Turnbull government is accused of doing too little to save reef

Photo from the University of Queensland: The Great Barrier Reef
Contributed by Adam Carlton

The Turnbull government’s $60 million grant for the health of the Great Barrier Reef has been widely dismissed as a stunt to gain a bit of lost credibility

Both environmentalists and scientists have said that it is insufficient and a waste of money.horns starfish and the rest to reduce runoff from nearby farming

The Reef is suffering from over population of the Crown of Thorns star fish, which eats the reef’s polyps. What the government seems to miss is that this is related to both pollution and the warming of the water brought about by climate change.

This is what is putting large parts of the Great Barrier Reef under prolonged stress and a publicity stunt will not reverse this.

Jon Brodie, a Professorial Fellow with the ARC Centre of Excellence for Coral Reef Studies at James Cook University, said the funding would likely make little difference particularly if spent on programs already shown to be ineffective.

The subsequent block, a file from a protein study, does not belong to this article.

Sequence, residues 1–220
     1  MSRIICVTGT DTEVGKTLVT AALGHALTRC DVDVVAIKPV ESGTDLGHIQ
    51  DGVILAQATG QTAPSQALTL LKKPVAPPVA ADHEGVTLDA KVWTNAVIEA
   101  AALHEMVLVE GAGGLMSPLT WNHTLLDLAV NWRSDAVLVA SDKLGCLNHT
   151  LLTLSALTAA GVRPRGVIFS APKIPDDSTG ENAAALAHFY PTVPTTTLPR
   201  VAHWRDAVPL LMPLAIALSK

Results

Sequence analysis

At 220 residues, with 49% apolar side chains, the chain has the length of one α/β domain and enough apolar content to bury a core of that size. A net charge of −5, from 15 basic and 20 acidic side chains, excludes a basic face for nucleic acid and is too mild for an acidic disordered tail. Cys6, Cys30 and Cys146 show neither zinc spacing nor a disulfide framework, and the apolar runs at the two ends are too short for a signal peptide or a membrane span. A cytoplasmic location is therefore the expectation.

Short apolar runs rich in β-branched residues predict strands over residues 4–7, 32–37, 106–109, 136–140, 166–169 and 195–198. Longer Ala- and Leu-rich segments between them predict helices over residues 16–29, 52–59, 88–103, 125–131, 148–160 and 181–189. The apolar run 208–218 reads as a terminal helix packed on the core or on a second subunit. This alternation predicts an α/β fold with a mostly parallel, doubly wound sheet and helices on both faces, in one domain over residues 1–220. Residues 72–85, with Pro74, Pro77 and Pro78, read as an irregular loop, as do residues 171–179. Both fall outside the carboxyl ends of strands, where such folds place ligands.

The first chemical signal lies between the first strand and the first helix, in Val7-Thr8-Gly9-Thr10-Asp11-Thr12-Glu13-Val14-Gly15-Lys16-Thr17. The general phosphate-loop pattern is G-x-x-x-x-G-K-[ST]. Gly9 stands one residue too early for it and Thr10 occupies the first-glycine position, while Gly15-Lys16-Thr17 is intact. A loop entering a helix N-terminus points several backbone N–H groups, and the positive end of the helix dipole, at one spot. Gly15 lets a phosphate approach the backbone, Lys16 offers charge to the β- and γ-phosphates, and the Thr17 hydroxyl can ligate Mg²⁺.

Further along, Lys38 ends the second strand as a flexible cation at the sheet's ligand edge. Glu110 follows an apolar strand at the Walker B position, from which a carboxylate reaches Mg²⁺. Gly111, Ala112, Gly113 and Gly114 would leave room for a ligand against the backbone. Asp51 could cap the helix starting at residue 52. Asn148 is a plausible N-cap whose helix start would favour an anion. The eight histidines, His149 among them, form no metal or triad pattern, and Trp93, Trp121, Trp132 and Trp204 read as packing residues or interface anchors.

He said these included crown-of-thorns efforts that appear to have minimal impact on numbers despite removing 500,000 starfish, and whose full results were not being made public . This was reported last week in the media.

Dr Jon Brodie says that $1 billion in funding is needed over the next 10 years.

World Wildlife Fund has called for the government to commit $475 million a year for the next four years to improve water quality in key Great Barrier Reef catchments.

“The funding announced today won’t get us to the water quality targets we promised UNESCO” to maintain the World Heritage status of the reef, Sean Hoobin, WWF-Australia spokesman said.

The Australian Institute of Marine Science (AIMS) and the Great Barrier Reef Marine Park Authority (GBRMPA) haves welcomed the funding boost but said the biggest problem the Reef faces was climate change, any mention of which was conspicuously absent from the Government’s announcement.

These methods will need to go hand in hand with greenhouse gas mitigation and conventional management” such as no-fish zones, said Paul Hardisty, AIMS CEO.

The negative response is growing. Decisive and urgent action is needed, of the Great Barrier Reef is going to be saved. The situation is so obvious that very few people will now come pout and openly disagree. The Turnbull government deserves to be condemned for doing too little and Australia must insist on much better and hold the government to account for its culpability.

 

Coral bleaching

 

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